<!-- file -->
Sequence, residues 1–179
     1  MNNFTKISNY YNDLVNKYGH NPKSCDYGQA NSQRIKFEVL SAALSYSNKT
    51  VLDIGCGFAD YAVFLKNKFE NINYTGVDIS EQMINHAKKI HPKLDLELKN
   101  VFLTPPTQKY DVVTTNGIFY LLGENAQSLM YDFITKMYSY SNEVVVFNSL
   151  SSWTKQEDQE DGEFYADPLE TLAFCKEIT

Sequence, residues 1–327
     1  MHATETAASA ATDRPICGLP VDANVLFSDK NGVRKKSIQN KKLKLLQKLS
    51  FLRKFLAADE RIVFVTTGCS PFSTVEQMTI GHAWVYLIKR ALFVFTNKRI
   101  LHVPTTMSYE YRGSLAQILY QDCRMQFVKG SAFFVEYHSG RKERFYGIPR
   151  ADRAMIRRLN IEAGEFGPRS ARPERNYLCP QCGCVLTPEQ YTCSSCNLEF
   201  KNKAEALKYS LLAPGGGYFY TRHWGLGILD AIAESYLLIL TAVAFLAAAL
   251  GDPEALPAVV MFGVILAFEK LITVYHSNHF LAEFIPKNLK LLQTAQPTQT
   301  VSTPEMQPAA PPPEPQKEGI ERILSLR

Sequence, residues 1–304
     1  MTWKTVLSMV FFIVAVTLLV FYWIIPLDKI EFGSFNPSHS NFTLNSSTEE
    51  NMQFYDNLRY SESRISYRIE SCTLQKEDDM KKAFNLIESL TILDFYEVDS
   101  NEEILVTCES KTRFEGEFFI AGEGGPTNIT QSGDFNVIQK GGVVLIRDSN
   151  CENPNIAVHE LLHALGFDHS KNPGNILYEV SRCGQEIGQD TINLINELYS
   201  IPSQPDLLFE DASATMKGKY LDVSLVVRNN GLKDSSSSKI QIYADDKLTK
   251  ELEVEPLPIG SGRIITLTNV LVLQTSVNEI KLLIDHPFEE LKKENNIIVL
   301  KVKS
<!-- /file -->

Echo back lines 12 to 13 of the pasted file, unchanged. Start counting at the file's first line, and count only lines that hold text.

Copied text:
   251  GDPEALPAVV MFGVILAFEK LITVYHSNHF LAEFIPKNLK LLQTAQPTQT
   301  VSTPEMQPAA PPPEPQKEGI ERILSLR